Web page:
A line of orchids created a path on both ends of the Torch of Friendship in downtown Miami, leading the way to an improvised altar for Oluwatoyin Salau.
Standing over the landmark, as the night fell on Tuesday, about a dozen Black women got ready to speak to an audience of about 200 community activists and residents.
Some who attended the community vigil laid down posters and art prints remembering “Toyin,” a 19-year-old Black Lives Matter activist who police found dead in Tallahassee on Saturday alongside 75-year-old Victoria Sims.
Salau was last seen in Tallahassee after a protest on June 6. Sims was reported missing June 11.
Shortly before her disappearance, Salau had described on Twitter a gruesome assault she endured from a man who had offered her a home for the night.
“Oluwatoyin was a freedom fighter... She did not ask to be a martyr for justice,” one of the posters read.
Tuesday’s vigil was a somber scene for a community mourning the loss of a Florida activist whose vocal presence at anti-police brutality protests had not gone unnoticed. But the gathering was also an opportunity for activists to amplify the stories of Black women, and the harassment and sexual violence many said they experience from their own communities.
“Toyin isn’t with us anymore because we didn’t do enough,” one activist told the crowd. “What can I do better when it comes to protecting Black women, to make them feel safe, to make them feel supported, to make them feel seen, to make them feel heard?”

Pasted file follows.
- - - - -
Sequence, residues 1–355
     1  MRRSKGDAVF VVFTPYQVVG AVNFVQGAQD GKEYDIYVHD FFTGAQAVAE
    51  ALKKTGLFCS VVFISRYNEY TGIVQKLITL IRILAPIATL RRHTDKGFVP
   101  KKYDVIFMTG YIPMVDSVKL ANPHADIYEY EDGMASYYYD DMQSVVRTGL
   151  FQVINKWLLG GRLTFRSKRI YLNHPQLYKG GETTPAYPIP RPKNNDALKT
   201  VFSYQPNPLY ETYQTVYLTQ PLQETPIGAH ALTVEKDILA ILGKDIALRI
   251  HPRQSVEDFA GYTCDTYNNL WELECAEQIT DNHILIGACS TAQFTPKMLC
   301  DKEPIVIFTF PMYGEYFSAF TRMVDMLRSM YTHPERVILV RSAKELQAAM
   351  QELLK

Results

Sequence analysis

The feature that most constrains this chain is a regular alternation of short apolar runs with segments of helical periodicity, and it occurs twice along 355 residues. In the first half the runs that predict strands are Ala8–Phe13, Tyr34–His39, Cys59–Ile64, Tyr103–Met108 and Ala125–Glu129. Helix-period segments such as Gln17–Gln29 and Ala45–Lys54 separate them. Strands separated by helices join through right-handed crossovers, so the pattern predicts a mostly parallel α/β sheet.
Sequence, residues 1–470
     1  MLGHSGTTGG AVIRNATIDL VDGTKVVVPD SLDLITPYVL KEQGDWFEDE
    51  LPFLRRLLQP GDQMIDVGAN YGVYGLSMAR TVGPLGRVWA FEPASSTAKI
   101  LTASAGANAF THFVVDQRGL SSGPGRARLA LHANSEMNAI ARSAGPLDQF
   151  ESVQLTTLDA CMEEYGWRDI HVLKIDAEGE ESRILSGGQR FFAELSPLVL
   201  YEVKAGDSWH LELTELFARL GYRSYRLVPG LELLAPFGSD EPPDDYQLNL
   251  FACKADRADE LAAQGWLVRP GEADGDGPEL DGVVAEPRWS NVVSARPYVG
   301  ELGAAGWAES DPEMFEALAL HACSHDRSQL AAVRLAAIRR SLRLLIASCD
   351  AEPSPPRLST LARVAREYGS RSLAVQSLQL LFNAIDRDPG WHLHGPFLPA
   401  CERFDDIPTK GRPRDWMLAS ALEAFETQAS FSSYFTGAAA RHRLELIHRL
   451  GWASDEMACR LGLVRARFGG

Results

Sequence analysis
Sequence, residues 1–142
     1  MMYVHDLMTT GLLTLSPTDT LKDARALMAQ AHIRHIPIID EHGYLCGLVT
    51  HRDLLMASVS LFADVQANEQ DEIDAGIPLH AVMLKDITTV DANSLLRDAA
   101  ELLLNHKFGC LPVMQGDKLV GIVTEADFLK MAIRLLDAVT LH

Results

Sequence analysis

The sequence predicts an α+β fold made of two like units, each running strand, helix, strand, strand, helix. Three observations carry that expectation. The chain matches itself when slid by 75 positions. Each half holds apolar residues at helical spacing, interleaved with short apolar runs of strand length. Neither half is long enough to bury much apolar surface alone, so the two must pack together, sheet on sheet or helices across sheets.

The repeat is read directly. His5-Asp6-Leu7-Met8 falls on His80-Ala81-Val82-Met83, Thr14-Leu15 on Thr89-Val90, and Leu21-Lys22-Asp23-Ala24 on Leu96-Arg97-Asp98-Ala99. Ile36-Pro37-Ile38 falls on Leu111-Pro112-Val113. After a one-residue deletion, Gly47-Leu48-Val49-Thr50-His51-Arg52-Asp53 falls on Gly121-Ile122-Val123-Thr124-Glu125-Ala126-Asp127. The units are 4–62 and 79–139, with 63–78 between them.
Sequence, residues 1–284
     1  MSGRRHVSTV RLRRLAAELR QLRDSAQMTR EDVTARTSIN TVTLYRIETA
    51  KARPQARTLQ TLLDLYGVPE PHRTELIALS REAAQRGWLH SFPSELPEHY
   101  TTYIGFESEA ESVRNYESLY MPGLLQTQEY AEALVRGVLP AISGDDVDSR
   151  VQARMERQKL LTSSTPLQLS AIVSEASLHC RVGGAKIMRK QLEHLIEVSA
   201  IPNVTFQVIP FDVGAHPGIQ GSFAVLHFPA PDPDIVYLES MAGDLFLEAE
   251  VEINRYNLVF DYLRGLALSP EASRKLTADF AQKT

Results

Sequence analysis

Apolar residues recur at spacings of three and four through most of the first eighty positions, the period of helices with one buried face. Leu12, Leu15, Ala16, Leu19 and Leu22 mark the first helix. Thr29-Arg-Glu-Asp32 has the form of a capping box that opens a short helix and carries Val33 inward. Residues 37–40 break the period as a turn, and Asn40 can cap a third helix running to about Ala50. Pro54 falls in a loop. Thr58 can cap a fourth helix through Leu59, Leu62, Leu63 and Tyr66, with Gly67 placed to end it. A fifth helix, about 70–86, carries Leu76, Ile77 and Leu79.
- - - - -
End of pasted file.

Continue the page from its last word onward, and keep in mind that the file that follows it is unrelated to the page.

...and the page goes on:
Salau was found dead on June 13 in Tallahassee after disappearing earlier this month, leading friends and fellow activists on a frantic search after she sent a series of tweets describing being sexually assaulted by a man who gave her a ride and offered her a place to stay.
Sims’ body was found alongside Salau’s at a house in Tallahassee, according to police.
A 49-year-old man identified as Aaron Glee Jr. has been charged with murder and kidnapping in connection with their deaths, police said.
The deaths of Salau and Sims remain under investigation, Tallahassee police said. They didn’t say how the women had died or if they had any connection with each other or with the suspect.
According to the Daily Mail, Glee’s mother said her son called her from jail on Sunday night and confessed to strangling the young activist. He also told his mother he had killed Sims, whom he called his “white grandmother,” according to the report.
In the hours before she disappeared on June 6, Salau tweeted about a sexual assault that had taken place earlier that day. In a series of posts, she said she was “molested” by a Black man who offered her a ride and a place to sleep. Salau also said she had taken refuge at a local church to escape what she called “unjust living conditions,” according to her tweets.
Since news broke of her death, several people have taken to social media to remember the young activist. The hashtag #JusticeForToyin and Salau’s name trended on Twitter, with hundreds of thousands of tweets sent out about her disappearance and death.
Two petitions on Change.org have received more than 405,000 signatures as of Tuesday night. One of them, created by Hana Bangura of New York, described Salau as an “avid protester for the Black Lives Matter movement” who was also battling homelessness. The petition asks Florida Gov. Ron DeSantis and the Tallahassee police department “to do their job, and investigate this crime.”
“This young girl cried for HELP and she never got it,” says the petition. Both petitions have gone viral as celebrities including film director and former NFL player Matthew Cherry and rapper Yung Baby Tate have shared them on Twitter.
“Moonlight” director Barry Jenkins, actress Alyssa Milano and Ben Crump, who is the attorney for the George Floyd family, also expressed support for justice for Salau.
“I lived in Tallahassee for five years. It’s the state capital. No 19-year-old child should be housing insecure in the capital of any state in this nation. Our protections aren’t protecting anybody,” Jenkins said on Twitter.